Kristen Sparrow • June 25, 2016
A detailed article documenting the intricacies of different aspects of HRV and the inflammatory response, particularly in regard to Coronary Artery Disease. I found this part of the conclusion particularly interesting, where they suggest that nonlinear measures may be more indicative. Incorporating nonlinear measures has been a recent enhancement of my own analysis.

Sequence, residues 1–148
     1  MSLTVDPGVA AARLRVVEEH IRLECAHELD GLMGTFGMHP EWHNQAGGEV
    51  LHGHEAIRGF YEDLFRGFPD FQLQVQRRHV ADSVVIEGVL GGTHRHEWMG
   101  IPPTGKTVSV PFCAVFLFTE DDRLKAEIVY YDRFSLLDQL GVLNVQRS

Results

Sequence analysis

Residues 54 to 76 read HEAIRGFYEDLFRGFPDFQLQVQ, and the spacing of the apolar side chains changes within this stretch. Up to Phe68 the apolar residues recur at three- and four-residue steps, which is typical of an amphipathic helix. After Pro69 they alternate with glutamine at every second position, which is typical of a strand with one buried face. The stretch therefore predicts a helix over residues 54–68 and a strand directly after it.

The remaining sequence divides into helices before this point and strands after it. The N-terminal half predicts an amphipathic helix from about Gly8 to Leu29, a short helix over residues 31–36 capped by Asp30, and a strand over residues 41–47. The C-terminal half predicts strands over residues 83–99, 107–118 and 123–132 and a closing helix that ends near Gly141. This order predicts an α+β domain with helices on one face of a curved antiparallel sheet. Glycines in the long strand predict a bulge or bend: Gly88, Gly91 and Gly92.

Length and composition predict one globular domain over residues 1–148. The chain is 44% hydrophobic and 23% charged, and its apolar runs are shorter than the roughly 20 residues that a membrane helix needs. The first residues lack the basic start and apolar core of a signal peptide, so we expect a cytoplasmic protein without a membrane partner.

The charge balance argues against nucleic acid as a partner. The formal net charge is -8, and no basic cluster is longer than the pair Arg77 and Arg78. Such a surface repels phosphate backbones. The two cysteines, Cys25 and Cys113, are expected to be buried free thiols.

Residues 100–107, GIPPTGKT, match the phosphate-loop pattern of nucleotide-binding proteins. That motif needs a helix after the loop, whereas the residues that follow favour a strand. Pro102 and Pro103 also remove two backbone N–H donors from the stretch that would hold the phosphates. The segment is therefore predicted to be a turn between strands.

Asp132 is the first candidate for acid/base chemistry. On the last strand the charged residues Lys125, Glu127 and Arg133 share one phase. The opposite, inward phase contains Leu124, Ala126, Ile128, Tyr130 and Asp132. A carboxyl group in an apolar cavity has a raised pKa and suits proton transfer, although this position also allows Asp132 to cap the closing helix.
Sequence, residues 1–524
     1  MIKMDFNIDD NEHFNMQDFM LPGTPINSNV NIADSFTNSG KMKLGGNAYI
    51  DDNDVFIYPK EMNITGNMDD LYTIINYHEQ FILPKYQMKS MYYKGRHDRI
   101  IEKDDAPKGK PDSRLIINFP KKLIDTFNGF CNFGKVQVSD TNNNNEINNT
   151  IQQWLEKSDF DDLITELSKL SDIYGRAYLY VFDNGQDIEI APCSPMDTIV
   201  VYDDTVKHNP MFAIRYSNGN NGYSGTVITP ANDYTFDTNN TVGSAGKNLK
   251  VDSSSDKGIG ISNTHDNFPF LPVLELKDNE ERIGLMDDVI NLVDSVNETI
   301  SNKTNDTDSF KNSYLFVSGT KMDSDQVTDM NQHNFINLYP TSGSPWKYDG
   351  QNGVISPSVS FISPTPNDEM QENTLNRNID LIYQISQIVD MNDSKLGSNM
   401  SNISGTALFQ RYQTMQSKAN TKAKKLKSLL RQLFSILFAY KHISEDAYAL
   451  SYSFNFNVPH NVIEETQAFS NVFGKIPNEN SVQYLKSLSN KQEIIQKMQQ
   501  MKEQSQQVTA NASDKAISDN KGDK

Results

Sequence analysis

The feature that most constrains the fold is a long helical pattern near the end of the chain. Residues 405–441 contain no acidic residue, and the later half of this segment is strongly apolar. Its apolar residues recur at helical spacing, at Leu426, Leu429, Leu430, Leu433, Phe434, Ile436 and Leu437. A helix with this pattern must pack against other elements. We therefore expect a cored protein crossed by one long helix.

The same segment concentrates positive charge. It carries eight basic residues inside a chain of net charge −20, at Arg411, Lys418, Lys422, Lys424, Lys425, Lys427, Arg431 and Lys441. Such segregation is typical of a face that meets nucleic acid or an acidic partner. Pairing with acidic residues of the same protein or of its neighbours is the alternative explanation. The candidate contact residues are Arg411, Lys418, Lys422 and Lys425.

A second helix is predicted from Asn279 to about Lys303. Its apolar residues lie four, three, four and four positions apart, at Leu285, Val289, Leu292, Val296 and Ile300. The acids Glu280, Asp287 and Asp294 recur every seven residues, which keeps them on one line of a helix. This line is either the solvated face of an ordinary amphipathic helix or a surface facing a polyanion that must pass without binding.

“Furthermore, sympathetic outflow can either induce or inhibit inflammatory activity, whereas HF component might fail to reflect vagal inputs upon different organs, such as the spleen, which are major cytokine producers. In addition, the explanatory power of HRV analysis is affected by circadian variability as well as by the estimation of inflammatory activity through biomarkers’ measurements from a single blood sample (Haensel et al., 2008). Finally, lack of signals’ stationarity (stable statistical properties) during measurements and the strong association between HRV data and inflammation that has been demonstrated among the most severely ill patients could reflect a non-linear relationship between ANS and inflammatory response. Thus, it has been suggested that newer methods derived from chaos theory should be implemented to assess ANS output, such as fractal and detrended fluctuation analysis (DFA) of heart rate signals (Goldberger, 1996). In addition, standardization of experimental protocols and methods used for the estimation of HRV is urgently needed, in order to allow comparisons among different studies.”